If a more close study of the words of the ‘penitent thief’ may seem to diminish the fullness of meaning which the traditional view attaches to them, they gain all the more as we perceive their historic reality. His first words were of reproof to his comrade. In that terrible hour, amidst the tortures of a slow death, did not the fear of God creep over him – at least so far as to prevent his joining in the vile jeers of those who insulted the dying agonies of the Sufferer? 82 And this all the more, in the peculiar circumstances. They were all three sufferers; but they two justly, while He Whom he insulted had done nothing amiss. From this basis of fact, the penitent rapidly rose to the height of faith. This is not uncommon, when a mind is learning the lessons of truth in the school of grace. Only, it stands out here the more sharply, because of the dark background against which it is traced in such broad and brightly shining outlines. The hour of the deepest abasement of the Christ was, as all the moments of His greatest Humiliation, to be marked by a manifestation of His Glory and Divine Character – as it were, by God’s testimony to Him in history, if not by the Voice of God from heaven. And, as regarded the ‘penitent’ himself, we notice the progression in his soul. No one could have been ignorant – least of all those who were led forth with Him to crucifixion, that Jesus did not suffer for any crime, nor for any political movement, but because He professed to embody the great hope of Israel, and was rejected by its leaders. And, if any had been ignorant, the ‘title’ over the Cross and the bitter enmity of the Sanhedrists, which followed Him with jeers and jibes, where even ordinary humanity, and still more Jewish feeling, would have enjoined silence, if not pity, must have shown what had been the motives of ‘the condemnation’ of Jesus. But, once the mind was opened to perceive all these facts, the progress would be rapid. In hours of extremity a man may deceive himself and fatally mistake fear for the fear of God, and the remembrance of certain external knowledge for spiritual experience. But, if a man really learns in such seasons, the teaching of years may be compressed into moments, and the dying thief on the Cross might outdistance the knowledge gained by Apostles in their years of following Christ.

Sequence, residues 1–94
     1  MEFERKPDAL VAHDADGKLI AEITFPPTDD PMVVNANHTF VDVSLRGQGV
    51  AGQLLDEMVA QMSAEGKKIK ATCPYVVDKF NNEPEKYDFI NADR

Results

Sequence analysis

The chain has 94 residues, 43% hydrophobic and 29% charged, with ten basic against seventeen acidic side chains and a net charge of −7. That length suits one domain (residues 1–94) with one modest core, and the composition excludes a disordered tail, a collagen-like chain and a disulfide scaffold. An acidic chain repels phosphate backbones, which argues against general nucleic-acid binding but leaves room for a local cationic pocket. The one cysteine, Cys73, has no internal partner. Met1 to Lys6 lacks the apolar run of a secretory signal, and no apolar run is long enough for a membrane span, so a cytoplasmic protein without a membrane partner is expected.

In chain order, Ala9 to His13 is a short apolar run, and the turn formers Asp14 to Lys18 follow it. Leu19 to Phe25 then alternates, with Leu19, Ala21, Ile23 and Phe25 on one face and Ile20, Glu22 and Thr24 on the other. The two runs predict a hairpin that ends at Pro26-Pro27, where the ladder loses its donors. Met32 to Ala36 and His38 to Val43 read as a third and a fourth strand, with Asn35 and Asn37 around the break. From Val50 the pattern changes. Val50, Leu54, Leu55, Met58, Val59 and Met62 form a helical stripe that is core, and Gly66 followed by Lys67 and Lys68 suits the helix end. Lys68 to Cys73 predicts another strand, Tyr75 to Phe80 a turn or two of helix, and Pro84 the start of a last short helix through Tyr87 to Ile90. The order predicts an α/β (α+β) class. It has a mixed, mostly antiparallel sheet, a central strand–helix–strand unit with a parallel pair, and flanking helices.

One thing stood out before the mind of the ‘penitent thief,’ who in that hour did fear God. Jesus had done nothing amiss. And this surrounded with a halo of moral glory the inscription on the Cross, long before its words acquired a new meaning. But how did this Innocent One bear Himself in suffering? Right royally – not in an earthly sense, but in that in which alone He claimed the Kingdom. He had so spoken to the women who had lamented Him, as His faint form could no longer bear the burden of the Cross; and He had so refused the draught that would have deadened consciousness and sensibility. Then, as they three were stretched on the transverse beam, and, in the first and sharpest agony of pain, the nails were driven with cruel stroke of hammer through the quivering flesh, and, in the nameless agony that followed the first moments of the Crucifixion, only a prayer for those who in ignorance, were the instruments of His torture, had passed His lips. And yet He was innocent, Who so cruelly suffered. All that followed must have only deepened the impression. With what calm of endurance and majesty of silence He had borne the insult and jeers of those who, even to the spiritually unenlightened eye, must have seemed so infinitely far beneath Him! This man did feel the ‘fear’ of God, who now learned the new lesson in which the fear of God was truly the beginning of wisdom. And, once he gave place to the moral element, when under the fear of God he reproved his comrade, this new moral decision became to him, as so often, the beginning of spiritual life. Rapidly he now passed into the light, and onwards and upwards: ‘Lord, remember me, when Thou comest in Thy Kingdom!’